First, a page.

Eric Hunt of Vernon, N.J., was convicted on a felony charge of false imprisonment with a hate crime allegation, The Boston Globe reported Tuesday. He was also found guilty on two misdemeanor charges in the Feb. 1, 2007, incident, and innocent on several other charges.
Wiesel, a Nobel Peace Prize winner and Boston University professor, survived Nazi death camps during World War II and wrote about it in his book "Night."
"Crimes motivated by hate are among the most reprehensible of offenses," District Attorney Kamala Harris said in a statement after Monday's verdict. "This defendant has been made to answer for an unwarranted and biased attack on a man who has dedicated his life to peace."
Hunt pleaded not guilty by reason of insanity for part of the trial, said defense attorney, John Runfola, adding that Hunt thought at the time of the attack the Holocaust was a lie. Hunt was hospitalized in a New Jersey mental health facility when arrested, the attorney said.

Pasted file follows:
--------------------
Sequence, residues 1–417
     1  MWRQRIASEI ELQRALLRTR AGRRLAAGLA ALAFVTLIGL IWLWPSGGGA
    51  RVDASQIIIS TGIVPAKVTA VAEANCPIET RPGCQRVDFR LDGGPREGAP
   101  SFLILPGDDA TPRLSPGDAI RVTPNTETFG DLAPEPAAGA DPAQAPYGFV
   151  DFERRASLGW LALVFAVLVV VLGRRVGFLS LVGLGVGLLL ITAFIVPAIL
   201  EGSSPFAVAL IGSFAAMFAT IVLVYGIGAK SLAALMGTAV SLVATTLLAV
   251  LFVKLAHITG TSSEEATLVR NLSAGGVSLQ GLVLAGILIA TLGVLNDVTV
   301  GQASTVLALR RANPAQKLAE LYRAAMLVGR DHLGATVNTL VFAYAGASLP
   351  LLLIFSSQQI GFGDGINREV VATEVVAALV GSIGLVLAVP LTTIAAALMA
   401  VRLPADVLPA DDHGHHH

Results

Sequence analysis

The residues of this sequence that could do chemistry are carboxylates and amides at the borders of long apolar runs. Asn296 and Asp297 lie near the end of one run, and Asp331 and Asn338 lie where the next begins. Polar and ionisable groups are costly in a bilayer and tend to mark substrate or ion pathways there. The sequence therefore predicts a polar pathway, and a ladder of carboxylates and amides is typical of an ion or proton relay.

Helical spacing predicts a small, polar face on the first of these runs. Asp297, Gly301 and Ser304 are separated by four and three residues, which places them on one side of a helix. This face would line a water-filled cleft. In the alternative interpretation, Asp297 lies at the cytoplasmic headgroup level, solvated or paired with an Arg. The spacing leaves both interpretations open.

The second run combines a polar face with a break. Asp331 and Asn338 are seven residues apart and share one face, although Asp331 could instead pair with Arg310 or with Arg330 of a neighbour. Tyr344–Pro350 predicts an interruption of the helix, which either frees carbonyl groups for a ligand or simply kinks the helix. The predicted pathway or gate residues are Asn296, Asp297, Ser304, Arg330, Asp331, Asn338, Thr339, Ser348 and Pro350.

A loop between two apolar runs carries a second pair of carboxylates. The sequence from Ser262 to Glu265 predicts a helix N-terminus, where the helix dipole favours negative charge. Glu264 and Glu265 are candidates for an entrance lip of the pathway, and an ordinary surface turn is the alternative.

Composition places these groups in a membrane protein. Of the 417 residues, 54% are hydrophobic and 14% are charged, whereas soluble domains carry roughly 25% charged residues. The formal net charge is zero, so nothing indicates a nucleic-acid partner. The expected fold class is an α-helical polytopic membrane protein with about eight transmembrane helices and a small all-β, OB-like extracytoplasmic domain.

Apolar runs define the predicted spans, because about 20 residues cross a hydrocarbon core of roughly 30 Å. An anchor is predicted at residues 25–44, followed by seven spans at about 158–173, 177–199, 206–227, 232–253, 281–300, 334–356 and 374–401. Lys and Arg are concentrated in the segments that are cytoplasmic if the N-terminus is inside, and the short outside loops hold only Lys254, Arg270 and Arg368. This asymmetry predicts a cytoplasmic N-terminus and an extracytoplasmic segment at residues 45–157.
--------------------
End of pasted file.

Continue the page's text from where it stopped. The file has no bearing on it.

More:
Sentencing is scheduled Aug. 18. The maximum penalty for false imprisonment with a hate crime allegation is three years in a state prison, the district attorney said, while the two misdemeanor charges carry a maximum sentence of six months each in a county jail.
Runfola said the defense team will seek probation with credit for time served and mental health provisions.
Members of Congress to keep receiving porn magazine
Rosie O'Donnell unveils nearly 50-pound weight loss